Tools for quantum optics : pulsed polarization-maintaining Er-doped fiber laser and spatial mode manipulation in spontaneous parametric downconversion
Picosecond polarization-maintaining Er-doped fiber laser for quantum optics and the construction of a high-flux non-degenerate entangled photon pair source
Massachusetts Institute of Technology. Dept. of Electrical Engineering and Computer Science.
Franco N.C. Wong.
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Two separate projects were undertaken to improve technology for entangled photon sources, useful for quantum optics. In one project, a pulsed, mode-locked erbium-doped fiber laser, designed to be used as a seed laser for a 390 nm source, was built using polarization-maintaining components to address polarization drift. The fiber laser operated at a center wavelength of 1560.0 nm with an output power of 1 to 2.5 mW, and mode-locked with a repetition rate of 31.1 MHz. The laser also exhibited bandwidth tunability from 0.045 to 0.095 nm, as a function of the input pump power. A commercial 5 W erbium-doped fiber amplifier and a second harmonic generation crystal were used to obtain pulses at 780 nm with an average power of 3 W. The next second harmonic generation stage, for generating the desired 390 nm output, remains to be built. In the second project, we tried to optimize the coupling efficiency of light generated from spontaneous parametric downconversion (SPDC) into single-mode optical fibers, which are useful for transporting entangled photons. Using a setup with a tunable 532 nm pump waist in a nonlinear crystal, we achieved an effective coupling efficiency of 48.8% of the 797 nm signal light into a single-mode fiber, higher than previously obtained in the laboratory. Efficient single-mode operation of SPDC would enable the construction of a high-flux fiber-coupled source of nondegenerate entangled photons at 797 nm and 1600 nm.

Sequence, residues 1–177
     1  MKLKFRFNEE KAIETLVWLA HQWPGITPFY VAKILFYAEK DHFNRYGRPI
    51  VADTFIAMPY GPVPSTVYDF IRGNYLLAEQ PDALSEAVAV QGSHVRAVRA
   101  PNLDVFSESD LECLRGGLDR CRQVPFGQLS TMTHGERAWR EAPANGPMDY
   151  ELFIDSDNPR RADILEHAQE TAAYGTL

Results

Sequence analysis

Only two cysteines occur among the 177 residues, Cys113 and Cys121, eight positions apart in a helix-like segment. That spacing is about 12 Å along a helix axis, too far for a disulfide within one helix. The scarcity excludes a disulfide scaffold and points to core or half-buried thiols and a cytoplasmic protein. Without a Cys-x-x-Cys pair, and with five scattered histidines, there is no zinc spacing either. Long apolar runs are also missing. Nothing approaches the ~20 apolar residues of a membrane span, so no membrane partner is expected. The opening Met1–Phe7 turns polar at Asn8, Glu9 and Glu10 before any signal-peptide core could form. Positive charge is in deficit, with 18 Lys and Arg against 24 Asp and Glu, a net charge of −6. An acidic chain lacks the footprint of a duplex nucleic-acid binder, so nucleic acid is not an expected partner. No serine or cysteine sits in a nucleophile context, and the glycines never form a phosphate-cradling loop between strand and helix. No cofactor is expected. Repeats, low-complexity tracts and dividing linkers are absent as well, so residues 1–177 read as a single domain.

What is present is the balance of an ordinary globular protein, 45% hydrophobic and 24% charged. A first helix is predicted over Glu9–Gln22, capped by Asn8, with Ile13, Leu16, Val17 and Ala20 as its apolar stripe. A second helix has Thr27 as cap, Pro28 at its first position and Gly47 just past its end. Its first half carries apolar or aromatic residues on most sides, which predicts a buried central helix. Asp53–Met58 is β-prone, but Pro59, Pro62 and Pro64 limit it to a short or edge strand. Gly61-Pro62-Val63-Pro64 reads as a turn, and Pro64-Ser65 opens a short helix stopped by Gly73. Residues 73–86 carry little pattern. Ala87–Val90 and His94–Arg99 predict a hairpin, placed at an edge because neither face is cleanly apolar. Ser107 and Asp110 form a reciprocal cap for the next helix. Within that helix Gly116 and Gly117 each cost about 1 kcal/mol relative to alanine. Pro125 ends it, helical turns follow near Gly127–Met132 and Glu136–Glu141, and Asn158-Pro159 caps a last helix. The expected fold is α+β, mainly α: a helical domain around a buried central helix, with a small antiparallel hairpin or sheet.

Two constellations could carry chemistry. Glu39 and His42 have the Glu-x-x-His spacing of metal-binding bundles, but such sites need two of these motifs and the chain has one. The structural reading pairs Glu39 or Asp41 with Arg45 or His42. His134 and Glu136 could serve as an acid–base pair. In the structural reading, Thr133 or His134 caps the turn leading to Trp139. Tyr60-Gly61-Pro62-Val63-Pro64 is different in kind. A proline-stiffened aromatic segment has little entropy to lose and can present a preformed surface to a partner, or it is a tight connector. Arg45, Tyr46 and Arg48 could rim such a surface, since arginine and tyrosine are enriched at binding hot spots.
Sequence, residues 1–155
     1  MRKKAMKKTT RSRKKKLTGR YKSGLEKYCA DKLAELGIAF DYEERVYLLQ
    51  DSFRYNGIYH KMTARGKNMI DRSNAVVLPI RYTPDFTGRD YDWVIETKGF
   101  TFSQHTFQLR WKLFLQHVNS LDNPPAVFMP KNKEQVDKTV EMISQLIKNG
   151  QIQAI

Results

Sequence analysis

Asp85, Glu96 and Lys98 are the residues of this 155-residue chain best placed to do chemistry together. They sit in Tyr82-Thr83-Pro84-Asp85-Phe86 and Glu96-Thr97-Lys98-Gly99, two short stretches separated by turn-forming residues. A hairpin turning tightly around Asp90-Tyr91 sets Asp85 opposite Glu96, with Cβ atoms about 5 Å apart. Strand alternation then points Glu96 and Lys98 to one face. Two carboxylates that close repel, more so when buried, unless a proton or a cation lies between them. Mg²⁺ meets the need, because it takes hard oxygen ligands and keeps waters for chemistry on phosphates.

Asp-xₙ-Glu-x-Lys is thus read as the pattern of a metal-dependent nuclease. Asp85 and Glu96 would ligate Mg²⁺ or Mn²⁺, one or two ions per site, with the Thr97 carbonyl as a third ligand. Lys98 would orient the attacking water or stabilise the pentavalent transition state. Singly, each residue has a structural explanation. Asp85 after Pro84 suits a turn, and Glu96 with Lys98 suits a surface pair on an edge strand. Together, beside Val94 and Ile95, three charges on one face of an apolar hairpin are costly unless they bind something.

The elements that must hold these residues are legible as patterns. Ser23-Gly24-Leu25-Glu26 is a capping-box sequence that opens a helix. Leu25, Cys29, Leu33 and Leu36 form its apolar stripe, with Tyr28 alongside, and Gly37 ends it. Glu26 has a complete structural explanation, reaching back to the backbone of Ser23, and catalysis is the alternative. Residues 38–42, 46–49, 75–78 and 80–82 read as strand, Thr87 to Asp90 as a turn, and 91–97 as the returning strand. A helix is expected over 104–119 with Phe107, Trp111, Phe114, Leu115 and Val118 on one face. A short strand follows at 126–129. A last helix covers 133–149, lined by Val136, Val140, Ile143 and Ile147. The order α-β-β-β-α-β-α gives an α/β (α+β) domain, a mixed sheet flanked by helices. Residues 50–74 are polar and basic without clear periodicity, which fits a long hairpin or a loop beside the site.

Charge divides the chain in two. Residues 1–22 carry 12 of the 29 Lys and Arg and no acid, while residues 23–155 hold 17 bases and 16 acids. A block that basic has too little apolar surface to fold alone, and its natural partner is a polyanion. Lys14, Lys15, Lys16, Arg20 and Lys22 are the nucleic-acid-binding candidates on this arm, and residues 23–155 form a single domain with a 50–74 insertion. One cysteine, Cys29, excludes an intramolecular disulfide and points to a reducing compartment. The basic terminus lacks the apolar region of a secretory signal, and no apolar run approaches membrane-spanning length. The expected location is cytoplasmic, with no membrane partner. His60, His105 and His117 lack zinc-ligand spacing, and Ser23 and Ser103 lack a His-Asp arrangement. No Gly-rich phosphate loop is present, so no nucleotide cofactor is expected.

Thesis (M. Eng.)--Massachusetts Institute of Technology, Dept. of Electrical Engineering and Computer Science, 2007.Includes bibliographical references (p. 50-52).
DepartmentMassachusetts Institute of Technology. Dept. of Electrical Engineering and Computer Science.
Massachusetts Institute of Technology
Electrical Engineering and Computer Science.